For a man of his time, he did an awful lot of good it seems to me, notwithstanding that he had his detractors.
As the late Eamonn Kelly used to say, things rested so for a long time, then along came Clare County Council and their buddies in Shannon Development. Big brown signs went up at every cross for a hundred miles around. Backhanders were bandied about busdrivers, and the concept of visitor pressure was born. The paths on top of the bedded limestone are mere trackways in blue shale, and it duly ravelled and eroded from the countless feet that walked over it. To cope with it all, a visitor centre was built, with a very big gift shop and a very small jacks. You could buy socks with Guinness logos on them ‘til kingdom come, but you had to queue up to discharge your own denatured Guinness. They shot a few seagulls, stuffed them and put them on top of the presses, so that waddly oul’ yanks and long lanky Krauts could get the picture of what was going on outside, while they queued for the restrooms.
Next, some bastard got a really cunning brainwave. They erected a pay-as-you exit parking barrier, so you now had to pay to gaze at the Atlantic Ocean and breathe in the fresh air. The accounting system wasn’t exactly watertight according to some usually reliable accounts, and the car park attendant seemed prosperous. Let’s leave that story for another day. Anyway, the Clare people retaliated to the imposition of the parking charge, as Clare people do, and parked out on the road. Not to be outdone, the County Council then put double yellow lines on each side of the road, for a long distance on either side of the Cliffs. This must surely be the most blatant self-interested abuse of process ever perpetrated in North Clare using yellow paint. I am advised that maladministration in public office is the hardest thing of all to prove in Court, but it would be worth having a go over those same lines, only for the fact that they’re probably gone now.
However, things don’t stand still. Bowing to the visitor pressure they themselves created and nurtured, the powers that be next decided that the visitor centre was too small. In the interests of fairness, a public enquiry was held. In the interests of getting the result they wanted, it was chaired by a road-building civil engineer of some note, whose life’s motto was and remains ‘I’m pro-development’. A man with exceptionally poor eyesight, adjudicating on an area renowned for its exceptional beauty. An honest decent man, but he is what he is. It was decided to build a new centre. Wow. No surprise there for the cognoscenti.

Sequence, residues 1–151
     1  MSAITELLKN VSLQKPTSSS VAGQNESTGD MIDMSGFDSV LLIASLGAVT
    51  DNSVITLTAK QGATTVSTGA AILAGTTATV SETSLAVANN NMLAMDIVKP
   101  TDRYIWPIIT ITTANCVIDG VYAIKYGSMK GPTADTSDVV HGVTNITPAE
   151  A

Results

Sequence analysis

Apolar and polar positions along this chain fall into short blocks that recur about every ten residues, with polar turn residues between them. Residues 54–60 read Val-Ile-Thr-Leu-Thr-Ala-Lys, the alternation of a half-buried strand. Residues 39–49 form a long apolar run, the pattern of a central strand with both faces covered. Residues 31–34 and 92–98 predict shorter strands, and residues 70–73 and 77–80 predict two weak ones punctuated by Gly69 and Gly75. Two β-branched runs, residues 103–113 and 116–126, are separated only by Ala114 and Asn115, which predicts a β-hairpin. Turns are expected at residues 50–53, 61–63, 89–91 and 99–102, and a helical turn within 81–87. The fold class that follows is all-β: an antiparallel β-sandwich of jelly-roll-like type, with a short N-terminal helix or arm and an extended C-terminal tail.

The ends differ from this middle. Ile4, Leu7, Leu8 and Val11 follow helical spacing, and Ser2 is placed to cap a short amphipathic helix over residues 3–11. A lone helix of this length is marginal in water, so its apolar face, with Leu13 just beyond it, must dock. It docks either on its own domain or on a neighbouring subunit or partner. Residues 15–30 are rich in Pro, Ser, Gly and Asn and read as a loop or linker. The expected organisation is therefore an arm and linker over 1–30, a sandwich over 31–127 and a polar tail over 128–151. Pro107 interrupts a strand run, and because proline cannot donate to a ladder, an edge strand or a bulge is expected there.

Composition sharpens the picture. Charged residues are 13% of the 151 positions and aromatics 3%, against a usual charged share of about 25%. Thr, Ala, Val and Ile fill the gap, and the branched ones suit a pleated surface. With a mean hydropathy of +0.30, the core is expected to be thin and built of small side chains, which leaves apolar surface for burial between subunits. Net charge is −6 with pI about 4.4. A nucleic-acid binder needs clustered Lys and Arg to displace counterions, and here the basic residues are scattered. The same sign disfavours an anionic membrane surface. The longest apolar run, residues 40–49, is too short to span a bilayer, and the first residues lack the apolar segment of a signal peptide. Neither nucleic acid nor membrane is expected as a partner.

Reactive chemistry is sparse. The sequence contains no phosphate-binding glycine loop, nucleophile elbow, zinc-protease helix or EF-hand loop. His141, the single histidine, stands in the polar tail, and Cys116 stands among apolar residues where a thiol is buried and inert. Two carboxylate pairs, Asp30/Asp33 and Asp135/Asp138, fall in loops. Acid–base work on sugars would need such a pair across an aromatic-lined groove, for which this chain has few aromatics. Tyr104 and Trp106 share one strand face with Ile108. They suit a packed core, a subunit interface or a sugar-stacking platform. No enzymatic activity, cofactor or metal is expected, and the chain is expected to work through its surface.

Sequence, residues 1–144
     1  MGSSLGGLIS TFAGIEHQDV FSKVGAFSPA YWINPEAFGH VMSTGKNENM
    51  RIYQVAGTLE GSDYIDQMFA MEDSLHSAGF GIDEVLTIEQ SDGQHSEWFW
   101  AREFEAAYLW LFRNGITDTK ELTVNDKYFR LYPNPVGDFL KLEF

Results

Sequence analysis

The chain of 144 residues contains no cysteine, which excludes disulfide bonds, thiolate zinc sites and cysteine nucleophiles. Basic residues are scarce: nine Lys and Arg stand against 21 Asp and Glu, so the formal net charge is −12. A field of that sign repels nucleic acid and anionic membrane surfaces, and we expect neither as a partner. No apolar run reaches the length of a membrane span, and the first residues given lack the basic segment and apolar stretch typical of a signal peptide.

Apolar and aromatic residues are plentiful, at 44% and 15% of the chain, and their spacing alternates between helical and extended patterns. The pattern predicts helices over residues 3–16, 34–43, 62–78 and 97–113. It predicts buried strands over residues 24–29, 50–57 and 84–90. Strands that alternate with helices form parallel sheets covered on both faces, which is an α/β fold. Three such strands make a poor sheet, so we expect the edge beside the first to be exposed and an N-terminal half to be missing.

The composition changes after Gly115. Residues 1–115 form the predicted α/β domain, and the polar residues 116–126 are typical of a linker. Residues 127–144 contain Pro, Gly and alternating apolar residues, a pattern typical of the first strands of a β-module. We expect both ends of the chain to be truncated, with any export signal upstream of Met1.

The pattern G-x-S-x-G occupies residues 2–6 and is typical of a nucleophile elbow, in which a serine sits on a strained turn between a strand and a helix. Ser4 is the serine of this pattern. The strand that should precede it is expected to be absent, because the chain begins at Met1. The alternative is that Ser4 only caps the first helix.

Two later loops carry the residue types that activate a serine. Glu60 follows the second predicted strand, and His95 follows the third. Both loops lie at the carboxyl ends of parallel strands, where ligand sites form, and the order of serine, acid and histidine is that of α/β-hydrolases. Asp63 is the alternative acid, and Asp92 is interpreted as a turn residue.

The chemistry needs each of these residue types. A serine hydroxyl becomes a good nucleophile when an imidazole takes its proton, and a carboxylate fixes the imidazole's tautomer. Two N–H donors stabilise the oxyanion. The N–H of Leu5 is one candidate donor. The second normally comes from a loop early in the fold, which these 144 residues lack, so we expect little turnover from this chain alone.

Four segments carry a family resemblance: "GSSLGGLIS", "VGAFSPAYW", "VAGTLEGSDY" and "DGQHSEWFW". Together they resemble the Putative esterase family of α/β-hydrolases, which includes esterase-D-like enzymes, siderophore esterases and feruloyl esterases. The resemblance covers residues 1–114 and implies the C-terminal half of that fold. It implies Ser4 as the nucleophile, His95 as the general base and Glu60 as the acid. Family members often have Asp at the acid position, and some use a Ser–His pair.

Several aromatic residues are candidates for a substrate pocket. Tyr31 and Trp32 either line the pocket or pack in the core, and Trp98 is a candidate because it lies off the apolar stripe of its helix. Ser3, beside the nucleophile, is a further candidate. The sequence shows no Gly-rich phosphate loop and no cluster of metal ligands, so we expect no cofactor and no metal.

Am I the only one who things that there is something fundamentally wrong and disturbing, if not even immoral, about demolishing a structurally sound and functional building when it is less that a hundred years old? A building should last for generations. A decision to build a structure is a profound one, nicely put by an architect I used to know when he said ‘a building in the wrong place is a mistake that takes us a hundred years to rectify’. I agree. And, why is it the public sector that seems to delight and revel in prematurely tearing down what it has built at our great expense, both ways?
Anyway, there have now been years of moil and toil on the site, tarmacadam has been torn up and relaid, men in shiny jackets to-ing and fro-ing and piddling in portacabins, and it seems they’re now nearly ready to go. I read in yesterday’s Sunday Times that the new centre is almost complete. I wonder how long it will be before the cycle repeats itself?
What they might have done. They could have said, ‘well, our visitor centre is overloaded. Let’s cut back on the promotions side, and fewer people will come. Then the Cliffs will be protected for future generations.’
What they could have done. They could have refrained from putting up all the bloody brown signs right from the start. Then the Cliffs Of Moher would be as Cornelius O’Brien left them. Fewer people would visit. Fewer pairs of Guinness socks would be sold. No seagulls need be stuffed.
It’s called sustainability. We’re supposed to be doing it.